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Diet

Starting babies on Nordic Diet can help prevent child obesity

"This diet is safe, feasible and exposes infants to a variety of flavors which may influence long-lasting food preferences."

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By Mark Waghorn via SWNS

Starting babies on the 'Nordic Diet' holds the key to beating child obesity, according to new research.

Ready for baking peeled colorful raw carrots with fresh thyme herb, with salt pepper and balsamic vinegar cream on the spotted vintage ceramic plate over metal surface. Top view.
Nordic vegetables are rich in fiber, such as turnip, beets, swede, root celery, carrots, parsnip, cabbage, broccoli, cauliflower and kale.
(Pedal to the Stock/Shuterstock)

It is rich in low protein foods like berries, fish, root vegetables and whole grains - and instils healthier eating habits.

Infants four to six months old were fed taster portions - as well as breast or formula milk.

A year later they were eating almost double the number of vegetables than those fed conventional baby foods.

Lead author Dr. Ulrica Johansson, a paediatrician at Umea University in Sweden, said there did not appear to be any side effects.

autumn berries on table, lingonberry raw closeup
Typical fruits in the Nordic Diet include lingonberry, buckthorn berry, cranberry, raspberry, and blueberry. (Head over Heels/Shutterstock)

She said: "A Nordic diet with reduced protein introduced to infants naive to this model of eating, increased the intake of fruit, berries, vegetables, and roots, establishing a preferable eating pattern lasting over a 12-month period.

"There were no negative effects on breastfeeding duration, iron status or growth."

The World Health Organisation has said we could lower rates of cancer, diabetes and cardiovascular disease by embracing a Nordic-style diet.

Obesity now affects 1 in 5 children and adolescents in the United States, according to the CDC.

Dr. Johansson and colleagues followed 250 babies through to 18 months of age. The trial found marked differences in dietary habits in the two groups.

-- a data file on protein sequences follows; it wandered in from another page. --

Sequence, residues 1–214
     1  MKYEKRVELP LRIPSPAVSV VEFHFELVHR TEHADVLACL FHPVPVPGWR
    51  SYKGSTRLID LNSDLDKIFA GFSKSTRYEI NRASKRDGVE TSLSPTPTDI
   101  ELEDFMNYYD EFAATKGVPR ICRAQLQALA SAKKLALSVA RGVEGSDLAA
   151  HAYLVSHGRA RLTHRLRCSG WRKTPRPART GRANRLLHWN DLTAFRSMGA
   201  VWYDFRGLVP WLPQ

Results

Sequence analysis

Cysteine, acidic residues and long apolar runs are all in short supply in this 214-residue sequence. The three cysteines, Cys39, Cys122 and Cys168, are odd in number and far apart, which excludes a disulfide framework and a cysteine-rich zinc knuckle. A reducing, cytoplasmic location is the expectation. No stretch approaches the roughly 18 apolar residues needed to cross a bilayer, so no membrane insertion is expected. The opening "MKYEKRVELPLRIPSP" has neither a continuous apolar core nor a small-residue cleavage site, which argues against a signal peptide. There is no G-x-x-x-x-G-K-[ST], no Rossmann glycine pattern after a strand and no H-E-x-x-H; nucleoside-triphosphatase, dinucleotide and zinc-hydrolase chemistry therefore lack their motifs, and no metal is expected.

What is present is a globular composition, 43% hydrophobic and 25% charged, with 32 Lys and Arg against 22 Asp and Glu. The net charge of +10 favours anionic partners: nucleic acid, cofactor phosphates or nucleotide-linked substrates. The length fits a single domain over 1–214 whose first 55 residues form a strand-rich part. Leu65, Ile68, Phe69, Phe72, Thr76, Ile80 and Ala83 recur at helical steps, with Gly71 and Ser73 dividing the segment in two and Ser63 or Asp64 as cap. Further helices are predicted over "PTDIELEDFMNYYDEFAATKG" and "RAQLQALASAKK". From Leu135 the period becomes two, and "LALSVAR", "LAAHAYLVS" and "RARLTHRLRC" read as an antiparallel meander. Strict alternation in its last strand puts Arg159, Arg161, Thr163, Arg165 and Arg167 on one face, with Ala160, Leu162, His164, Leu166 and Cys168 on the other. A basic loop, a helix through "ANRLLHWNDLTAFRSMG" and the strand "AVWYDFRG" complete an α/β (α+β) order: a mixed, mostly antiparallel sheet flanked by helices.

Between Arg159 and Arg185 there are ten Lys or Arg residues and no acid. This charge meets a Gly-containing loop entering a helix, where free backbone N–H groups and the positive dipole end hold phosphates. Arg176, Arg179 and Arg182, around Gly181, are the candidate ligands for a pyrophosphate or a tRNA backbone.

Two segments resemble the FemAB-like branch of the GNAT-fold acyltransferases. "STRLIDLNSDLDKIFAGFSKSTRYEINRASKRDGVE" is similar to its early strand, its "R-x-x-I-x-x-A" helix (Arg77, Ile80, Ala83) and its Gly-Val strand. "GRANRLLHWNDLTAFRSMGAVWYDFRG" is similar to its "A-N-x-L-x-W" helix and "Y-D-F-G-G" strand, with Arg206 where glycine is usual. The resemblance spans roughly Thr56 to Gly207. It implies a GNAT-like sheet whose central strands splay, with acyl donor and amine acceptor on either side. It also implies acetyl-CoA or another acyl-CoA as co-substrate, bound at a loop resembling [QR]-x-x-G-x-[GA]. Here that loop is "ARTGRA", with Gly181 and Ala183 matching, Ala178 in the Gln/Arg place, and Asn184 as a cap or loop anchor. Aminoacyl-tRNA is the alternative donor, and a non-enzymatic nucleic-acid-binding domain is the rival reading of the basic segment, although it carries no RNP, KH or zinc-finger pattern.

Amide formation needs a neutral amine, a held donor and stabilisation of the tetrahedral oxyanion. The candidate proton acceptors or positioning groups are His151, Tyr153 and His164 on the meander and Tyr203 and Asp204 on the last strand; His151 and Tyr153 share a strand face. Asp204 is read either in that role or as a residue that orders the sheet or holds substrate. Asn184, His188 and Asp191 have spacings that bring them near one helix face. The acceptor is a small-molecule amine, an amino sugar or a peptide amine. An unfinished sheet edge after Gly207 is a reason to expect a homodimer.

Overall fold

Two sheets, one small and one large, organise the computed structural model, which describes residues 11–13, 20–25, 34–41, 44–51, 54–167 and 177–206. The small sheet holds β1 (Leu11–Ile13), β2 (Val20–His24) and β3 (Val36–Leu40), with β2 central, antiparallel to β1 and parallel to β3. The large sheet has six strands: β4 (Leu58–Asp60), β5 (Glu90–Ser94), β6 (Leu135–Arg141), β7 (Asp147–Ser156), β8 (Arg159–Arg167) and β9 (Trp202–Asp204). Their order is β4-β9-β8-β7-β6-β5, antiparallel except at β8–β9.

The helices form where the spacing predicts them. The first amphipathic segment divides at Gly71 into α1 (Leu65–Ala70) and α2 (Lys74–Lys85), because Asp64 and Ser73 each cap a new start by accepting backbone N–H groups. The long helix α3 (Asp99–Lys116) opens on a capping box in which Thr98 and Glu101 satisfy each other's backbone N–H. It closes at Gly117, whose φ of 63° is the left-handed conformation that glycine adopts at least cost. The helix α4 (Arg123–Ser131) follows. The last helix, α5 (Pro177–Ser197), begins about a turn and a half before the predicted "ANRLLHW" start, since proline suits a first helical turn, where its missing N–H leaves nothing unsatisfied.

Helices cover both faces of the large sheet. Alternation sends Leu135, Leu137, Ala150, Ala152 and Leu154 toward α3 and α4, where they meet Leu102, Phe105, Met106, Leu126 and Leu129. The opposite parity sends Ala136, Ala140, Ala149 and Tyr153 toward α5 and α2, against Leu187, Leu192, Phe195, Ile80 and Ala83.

Inlagd sill - delicacy in Europe, and has become a part of Baltic, Nordic, Dutch, German
The Nordic Diet is abundant in whole grains, vegetable fats and oils, fish and eggs and lacking in meat, dairy and sugar.
(Chatham172/Shutterstock)

Parents of those on the Nordic diet were supplied with homemade recipes, protein-reduced baby food products and they were offered support via social media.

The infants consumed 42 to 45% more fruit and vegetables at 12-18 months of age, compared to those who were fed the conventional diet currently recommended by the Swedish Food Agency.

While fruit consumption within the conventional group remained consistent, babies fed the conventional diet reduced their vegetable intake by 36% between 12-18 months.

Babies on the Nordic diet had an average protein intake 17-29% lower than those on the conventional diet at 12-18 months of age.

This was still within recommended protein intake levels and the overall calorie count between the two groups was the same.

assorted of berry fruit on wood background
The team found that a reduction in protein had no negative side effects on the babies. (Chatham172/Shutterstock)

The protein reduction in the Nordic diet group was replaced by more carbohydrates from vegetables, not more cereals, together with some extra fat from rapeseed oil.

Dr. Johansson said there did not appear to be any negative effects from having a lower protein intake.

She added: "A Nordic diet reduced in protein is safe, feasible and may contribute to sustainable and healthy eating during infancy and early childhood."

The novel research could pave the way to broadening the taste spectrum in infants and potentially provide an effective strategy for encouraging healthier eating habits early in life.

The Nordic diet has a higher intake of regionally and seasonally produced fruit, berries, vegetables, herbs, mushrooms, tubers and legumes.

It's also abundant in whole grains, vegetable fats and oils, fish and eggs - and lacking in meat and dairy foods, sweets and desserts.

Typical fruits include lingonberry, buckthorn berry, cranberry, raspberry, and blueberry.

Nordic vegetables are rich in fiber, such as turnip, beets, swede, root celery, carrots, parsnip, cabbage, broccoli, cauliflower and kale.

Professor Jiri Bronsky, of ESPGHAN (European Society for Paediatric Gastroenterology Hepatology and Nutrition), said: "The authors have shown a significant effect of the diet in 12 and 18 months of age of the children.

"The Nordic diet group consumed more fruit and vegetables and less protein than the control group.

"The Nordic diet was well tolerated and did not negatively affect growth of the child or breastfeeding duration.

"Importantly, this research demonstrates that this diet is safe, feasible and exposes infants to a variety of flavors which may influence long-lasting food preferences."

The Nordic Diet is similar to the Mediterranean Diet - except it is based on foods that grow better in cold rather than warm climates. The findings were presented at an ESPGHAN meeting in Copenhagen.

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